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HotPipe JI Project: Experimental Test and FE Analyses

[+] Author Affiliations
Luigino Vitali, Lorenzo Bartolini

Snamprogetti S.p.A., Fano, PU, Italy

Dag Askheim

Det Norske Veritas, Ho̸vik, Norway

Ralf Peek

Shell International Exploration and Production, Rijswijk, The Netherlands

Erik Levold

Statoil, Trondheim, Norway

Paper No. OMAE2005-67526, pp. 715-729; 15 pages
doi:10.1115/OMAE2005-67526
From:
  • ASME 2005 24th International Conference on Offshore Mechanics and Arctic Engineering
  • 24th International Conference on Offshore Mechanics and Arctic Engineering: Volume 3
  • Halkidiki, Greece, June 12–17, 2005
  • Conference Sponsors: Ocean, Offshore and Arctic Engineering Division
  • ISBN: 0-7918-4197-9 | eISBN: 0-7918-3759-9
  • Copyright © 2005 by ASME

abstract

In the last twenty years, experimental tests and FEM-based theoretical studies have been carried out to investigate the buckling mechanisms of thin-walled pipes subject to internal pressure, axial force and bending moment. Unfortunately, these studies do not completely cover the scope relevant for offshore pipelines i.e. outer diameter to thickness ratio lower than 50. In the HotPipe Phase 2 JI Project, full-scale bending tests were performed on pressurized pipes to verify the Finite Element Model predictions from HotPipe Phase 1 of the beneficial effect of internal pressure on the capacity of pipes to undergo large plastic bending deformations without developing local buckling. A total of 4 pipes were tested, the key test parameters being the outer-diameter-to-wall-thickness ratio (seameless pipes with D/t = 25.6, and welded UOE pipes with D/t = 34.2), and the presence of a girth weld in the test section. For comparison a Finite Element Model was developed with shell elements in ABAQUS. The test conditions were matched as closely as possible: this includes the test configuration, the stress-strain curves (i.e. using measured curves as input), and the loading history. The FE results very realistically reproduce the observed failure mechanisms by formation and localization of wrinkles on the compression side of the pipe. Good agreement is also achieved in the moment capacities (with predictions only 2.5 to 8% above measured values), but larger differences arose for the deformation capacity, suggesting that the DNV OS-F101 formulation for the characteristic bending strain (which is based on FE predictions from HotPipe Phase I) may be non-conservative in certain cases.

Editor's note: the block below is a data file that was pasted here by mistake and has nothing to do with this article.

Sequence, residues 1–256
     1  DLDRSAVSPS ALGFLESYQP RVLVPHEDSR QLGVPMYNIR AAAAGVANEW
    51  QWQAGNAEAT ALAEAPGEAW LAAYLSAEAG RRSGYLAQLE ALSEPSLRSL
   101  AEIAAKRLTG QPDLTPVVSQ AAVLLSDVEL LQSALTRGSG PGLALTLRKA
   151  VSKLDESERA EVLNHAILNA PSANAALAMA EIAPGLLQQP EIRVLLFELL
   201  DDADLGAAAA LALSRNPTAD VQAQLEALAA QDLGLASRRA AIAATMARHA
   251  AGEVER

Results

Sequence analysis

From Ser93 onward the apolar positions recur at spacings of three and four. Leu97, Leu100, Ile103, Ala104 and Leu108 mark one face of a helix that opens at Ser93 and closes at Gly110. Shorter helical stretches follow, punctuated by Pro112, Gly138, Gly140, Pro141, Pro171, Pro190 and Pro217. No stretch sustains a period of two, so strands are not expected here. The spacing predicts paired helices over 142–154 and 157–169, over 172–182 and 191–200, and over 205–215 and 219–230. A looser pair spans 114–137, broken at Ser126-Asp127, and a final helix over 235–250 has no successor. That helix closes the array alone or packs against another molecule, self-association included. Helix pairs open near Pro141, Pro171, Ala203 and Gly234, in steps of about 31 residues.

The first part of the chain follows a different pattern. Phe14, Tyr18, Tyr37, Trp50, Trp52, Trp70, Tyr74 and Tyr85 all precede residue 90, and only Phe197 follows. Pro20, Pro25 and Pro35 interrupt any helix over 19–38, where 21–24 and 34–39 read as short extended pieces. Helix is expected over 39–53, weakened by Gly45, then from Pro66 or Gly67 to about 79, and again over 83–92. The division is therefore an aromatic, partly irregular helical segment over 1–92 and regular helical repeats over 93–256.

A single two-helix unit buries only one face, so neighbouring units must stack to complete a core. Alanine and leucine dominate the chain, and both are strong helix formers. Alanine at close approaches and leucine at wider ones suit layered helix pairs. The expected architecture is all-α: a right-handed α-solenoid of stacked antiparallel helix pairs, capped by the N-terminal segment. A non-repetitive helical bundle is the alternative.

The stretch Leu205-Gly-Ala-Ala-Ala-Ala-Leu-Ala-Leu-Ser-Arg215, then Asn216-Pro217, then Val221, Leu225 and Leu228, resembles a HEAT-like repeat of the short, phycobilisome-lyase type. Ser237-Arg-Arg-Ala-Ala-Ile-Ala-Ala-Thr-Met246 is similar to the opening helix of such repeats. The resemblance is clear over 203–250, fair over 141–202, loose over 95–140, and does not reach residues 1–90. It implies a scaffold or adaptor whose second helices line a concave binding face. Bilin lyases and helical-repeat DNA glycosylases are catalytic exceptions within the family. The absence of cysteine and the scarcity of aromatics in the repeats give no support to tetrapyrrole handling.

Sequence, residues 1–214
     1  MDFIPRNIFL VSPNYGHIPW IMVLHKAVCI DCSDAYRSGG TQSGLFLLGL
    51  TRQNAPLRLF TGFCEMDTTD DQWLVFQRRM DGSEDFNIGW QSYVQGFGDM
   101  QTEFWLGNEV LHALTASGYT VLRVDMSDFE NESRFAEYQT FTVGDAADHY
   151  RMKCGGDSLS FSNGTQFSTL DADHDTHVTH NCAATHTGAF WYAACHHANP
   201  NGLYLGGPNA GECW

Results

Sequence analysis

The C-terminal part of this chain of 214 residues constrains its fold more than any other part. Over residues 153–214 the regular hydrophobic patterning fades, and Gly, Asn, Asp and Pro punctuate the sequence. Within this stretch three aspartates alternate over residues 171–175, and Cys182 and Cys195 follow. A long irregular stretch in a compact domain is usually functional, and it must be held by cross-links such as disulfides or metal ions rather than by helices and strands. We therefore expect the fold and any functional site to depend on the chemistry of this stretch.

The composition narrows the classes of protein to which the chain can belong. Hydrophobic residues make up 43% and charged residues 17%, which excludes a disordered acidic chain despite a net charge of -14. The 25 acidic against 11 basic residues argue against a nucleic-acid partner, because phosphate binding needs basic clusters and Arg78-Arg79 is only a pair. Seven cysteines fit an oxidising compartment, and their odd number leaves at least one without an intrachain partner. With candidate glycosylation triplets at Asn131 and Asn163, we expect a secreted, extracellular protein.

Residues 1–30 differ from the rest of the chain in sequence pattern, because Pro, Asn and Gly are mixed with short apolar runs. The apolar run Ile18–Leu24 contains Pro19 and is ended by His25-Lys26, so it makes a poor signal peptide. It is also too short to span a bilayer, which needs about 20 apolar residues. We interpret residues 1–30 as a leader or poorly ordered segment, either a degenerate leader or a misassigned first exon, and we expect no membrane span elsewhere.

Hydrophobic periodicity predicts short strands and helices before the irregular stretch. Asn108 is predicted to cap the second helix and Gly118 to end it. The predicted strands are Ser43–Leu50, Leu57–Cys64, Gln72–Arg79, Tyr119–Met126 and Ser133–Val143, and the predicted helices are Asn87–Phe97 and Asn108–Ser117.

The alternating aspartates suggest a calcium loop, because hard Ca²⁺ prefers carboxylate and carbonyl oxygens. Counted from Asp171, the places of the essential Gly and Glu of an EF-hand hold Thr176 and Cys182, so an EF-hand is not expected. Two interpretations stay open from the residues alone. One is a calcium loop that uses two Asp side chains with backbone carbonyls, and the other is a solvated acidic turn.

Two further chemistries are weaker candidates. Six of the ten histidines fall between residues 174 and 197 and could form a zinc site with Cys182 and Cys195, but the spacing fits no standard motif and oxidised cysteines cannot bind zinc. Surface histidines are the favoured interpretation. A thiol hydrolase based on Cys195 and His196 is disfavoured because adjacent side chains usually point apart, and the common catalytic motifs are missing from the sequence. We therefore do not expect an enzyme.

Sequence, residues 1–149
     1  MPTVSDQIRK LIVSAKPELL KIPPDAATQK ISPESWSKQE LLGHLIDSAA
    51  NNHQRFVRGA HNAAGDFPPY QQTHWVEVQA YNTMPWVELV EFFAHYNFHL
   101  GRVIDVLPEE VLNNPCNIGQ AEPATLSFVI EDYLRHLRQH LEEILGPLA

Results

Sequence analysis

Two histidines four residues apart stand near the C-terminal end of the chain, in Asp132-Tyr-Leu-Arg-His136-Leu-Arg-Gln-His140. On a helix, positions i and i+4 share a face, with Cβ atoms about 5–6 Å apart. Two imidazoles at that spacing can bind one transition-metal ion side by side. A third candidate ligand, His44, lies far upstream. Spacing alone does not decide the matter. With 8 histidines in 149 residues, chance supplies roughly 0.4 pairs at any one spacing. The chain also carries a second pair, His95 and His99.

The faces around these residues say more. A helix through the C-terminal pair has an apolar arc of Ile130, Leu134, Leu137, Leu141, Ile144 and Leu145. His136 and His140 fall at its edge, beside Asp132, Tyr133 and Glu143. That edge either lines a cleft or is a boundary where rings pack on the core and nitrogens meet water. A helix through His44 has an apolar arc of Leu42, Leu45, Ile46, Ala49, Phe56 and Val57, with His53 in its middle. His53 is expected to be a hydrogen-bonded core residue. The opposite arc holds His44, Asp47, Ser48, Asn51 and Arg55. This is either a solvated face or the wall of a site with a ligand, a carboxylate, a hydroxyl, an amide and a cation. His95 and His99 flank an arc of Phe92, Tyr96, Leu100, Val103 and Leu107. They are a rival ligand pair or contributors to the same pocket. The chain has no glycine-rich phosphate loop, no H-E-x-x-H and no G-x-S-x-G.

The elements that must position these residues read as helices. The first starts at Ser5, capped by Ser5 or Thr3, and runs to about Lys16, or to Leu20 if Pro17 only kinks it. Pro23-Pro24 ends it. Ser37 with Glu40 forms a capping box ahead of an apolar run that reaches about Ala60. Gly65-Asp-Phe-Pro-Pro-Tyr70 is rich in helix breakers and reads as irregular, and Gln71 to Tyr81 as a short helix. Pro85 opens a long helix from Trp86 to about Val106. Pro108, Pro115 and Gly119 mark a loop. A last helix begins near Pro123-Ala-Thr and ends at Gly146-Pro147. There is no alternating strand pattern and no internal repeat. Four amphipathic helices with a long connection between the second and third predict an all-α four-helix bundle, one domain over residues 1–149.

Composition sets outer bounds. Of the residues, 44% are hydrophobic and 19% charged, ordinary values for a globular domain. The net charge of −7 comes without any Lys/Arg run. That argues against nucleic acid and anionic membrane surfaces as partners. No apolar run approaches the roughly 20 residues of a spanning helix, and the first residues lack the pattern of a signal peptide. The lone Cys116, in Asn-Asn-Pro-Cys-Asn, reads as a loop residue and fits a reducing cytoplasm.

Copyright © 2005 by ASME

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